24th Infantry Regiment Soldiers, historical sites remembered
(FORT BENNING, Ga) M.G. Miller gives opening remarks at the Black History Month Celebration February 19, 2016 at Derby Auditorium. Mr. James Thompson, National President, 24th Infantry Regiment Association was the guest speaker. (Photos by: Patrick A. Albright/MCoE PAO Photographer)
This is an edited copy of the story published in the Feb. 24 Bayonet and Saber. Command Sgt. Maj. Tim Metheny was misquoted in the original story.
What Command Sgt. Maj. Metheny said is powerful: it represents the Army, Army values and that the Army has been the leader in social justice. Soldiers don’t see color and if they do, it’s green.
We are very sorry for the mistake.
Lori Egan, Bayonet and Saber editor
The story follows with the correction.
By Vanessa Marquette, Bayonet & Saber /
“The people who walked before us … built our Army and built our nation through their actions,” said Maj. Gen. Scott Miller, Fort Benning commanding general, as he described the importance of former military professionals during the Black History Month observance on Feb. 19.
The Maneuver Center of Excellence and Equal Opportunity Office hosted the Black History Month Special Ethnic Observance and Monument Ceremony at Nett Hall, a building that served as the playhouse for African-American Soldiers during segregation, particularly the 24th Infantry Regiment known as the Buffalo Soldiers.
Retired Sgt. 1st Class James Thompson, 24th Infantry Regiment Association National president, was the guest speaker. His awards include a Bronze Star and Purple Heart.
Thompson said there have been a lot of rumors about the regiment, calling them cowards during their experience in Korea, and he planned to set them straight.
“The 24th Infantry Regiment did not throw their weapons down, they did not run,” he said. “We had 28 (privates first class), 128 Silver Stars, over 300 Bronze Stars, over 5,000 Purple Hearts and 100 percent combat infantry badges … now is that a coward?
“The 24th Inf. Regt. is the highest decorated regiment,” he added. “You can’t find a better organization than the 24th.”
He then introduced members present in the audience, and ended his speech with the poem “Freedom is Not Free.”
Following the speech, Miller gave a token of appreciation to Thompson and thanked him for his service. Command Sgt. Maj. Tim Metheny then spoke of Black History Month.
“Sixty-70 years ago, this wasn’t going to work. Racial integration would destroy our military; and, today, on your shoulders, ladies and gentlemen, we have the strongest military on the face of the earth,” Metheny said. “We can go anywhere; we can defeat anybody because we stick together. And the bond of brotherhood is not based on the color of your skin but based in hardship, shared suffering and common understanding.”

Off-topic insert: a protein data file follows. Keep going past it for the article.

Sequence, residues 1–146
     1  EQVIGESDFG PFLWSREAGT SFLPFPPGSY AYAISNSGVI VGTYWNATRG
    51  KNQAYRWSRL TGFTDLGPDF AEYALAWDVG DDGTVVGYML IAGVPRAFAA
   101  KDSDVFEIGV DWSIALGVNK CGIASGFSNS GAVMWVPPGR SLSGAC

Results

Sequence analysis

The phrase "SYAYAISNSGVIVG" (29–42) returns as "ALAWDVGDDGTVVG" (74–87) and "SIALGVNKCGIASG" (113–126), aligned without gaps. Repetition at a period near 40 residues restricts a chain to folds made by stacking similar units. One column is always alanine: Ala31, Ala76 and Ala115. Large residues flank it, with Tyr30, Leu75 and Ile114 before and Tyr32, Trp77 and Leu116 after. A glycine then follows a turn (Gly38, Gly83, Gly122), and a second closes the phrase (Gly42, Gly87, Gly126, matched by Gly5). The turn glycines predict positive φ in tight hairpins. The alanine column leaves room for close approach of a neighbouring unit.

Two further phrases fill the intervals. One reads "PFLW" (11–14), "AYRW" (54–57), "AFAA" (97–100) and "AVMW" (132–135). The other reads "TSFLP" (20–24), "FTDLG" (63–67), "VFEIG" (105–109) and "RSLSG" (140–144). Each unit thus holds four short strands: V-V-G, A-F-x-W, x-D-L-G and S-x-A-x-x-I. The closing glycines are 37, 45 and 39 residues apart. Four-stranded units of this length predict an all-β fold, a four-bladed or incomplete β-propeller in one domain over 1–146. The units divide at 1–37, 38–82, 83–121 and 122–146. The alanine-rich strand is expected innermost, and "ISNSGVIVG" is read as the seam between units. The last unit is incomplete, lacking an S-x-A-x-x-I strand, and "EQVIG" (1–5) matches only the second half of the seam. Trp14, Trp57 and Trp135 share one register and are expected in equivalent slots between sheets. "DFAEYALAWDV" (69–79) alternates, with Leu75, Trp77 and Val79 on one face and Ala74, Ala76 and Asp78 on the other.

The event continued with the unveiling of the 24th Inf. Regt. (Colored) sign and the Indianhead Housing area sign, and ended with singing the Army song.
James Williams, who served as a Sgt. 1st Class in the 24th Inf. Regt., traveled from Chicago to show his support for the 24th Inf. Regt.
“I haven’t been to Benning in so long and it’s part of our home; there’s a lot of history here, and I like to keep abreast on things like that,” he said. “It brings back a lot of memories.”
Anise Thorpe and Chrystal Jones came in honor of their father, the Rev. Clyde Jones, who is a retired sergeant and the Chaplain of the 24th Inf. Regt. Association. He received a Purple Heart for his service in Korea.
The sisters participate in the Buffalo Soldiers’ reunions each year. Jones said her father has gotten closure by attending the reunions, and he even found a former Soldier he played football with 50 years ago.
“I call these gentlemen my fathers,” Jones said. “It’s wonderful they get together and we hear the stories … it’s wonderful for me and my sisters to be a part of it.
“Every year they reunite, East Coast to West Coast,” she added. “They’re a blessing and we are just trying to keep the information out because a lot of people don’t know who they (Buffalo Soldiers) are and what they did.”
Following the event, there was a “Hallowed Grounds: Fort Benning Sites of African American Memories” tour, where all attendees were given a windshield tour of the famous African-American historical sites on Fort Benning. Sites included:
2nd Lt. Benjamin Oliver Davis Jr. Suite: Davis and his wife, Elnora, resided in the right side of the duplex from September 1936 to June 1938. He was the first black officer to reside in white officer quarters on the installation. Davis was one of the first five graduates of the Tuskegee Institute, known as the Tuskegee Airmen.
555th Parachute Infantry Battalion (Triple Nickel) Monument: A dedication to the first black paratroopers of the 555th Parachute Infantry Battalion, also known as Triple Nickel, 1943-1947. The monument was re-dedicated to the 3rd Battalion, 505 Airborne Infantry Regiment in December 1947.
Indianhead Housing Area: Created in 1933, the housing area was developed to provide housing to black NCOs and their Families. The houses were similar to white NCO houses constructed before desegregation and integration in the Armed Forces.
Walter Morris House: 1st Sgt. Walter Morris lived here from 1943-44. He was the first black Soldier selected for parachute duty and the first Senior NCO of the 555th Parachute Infantry Company.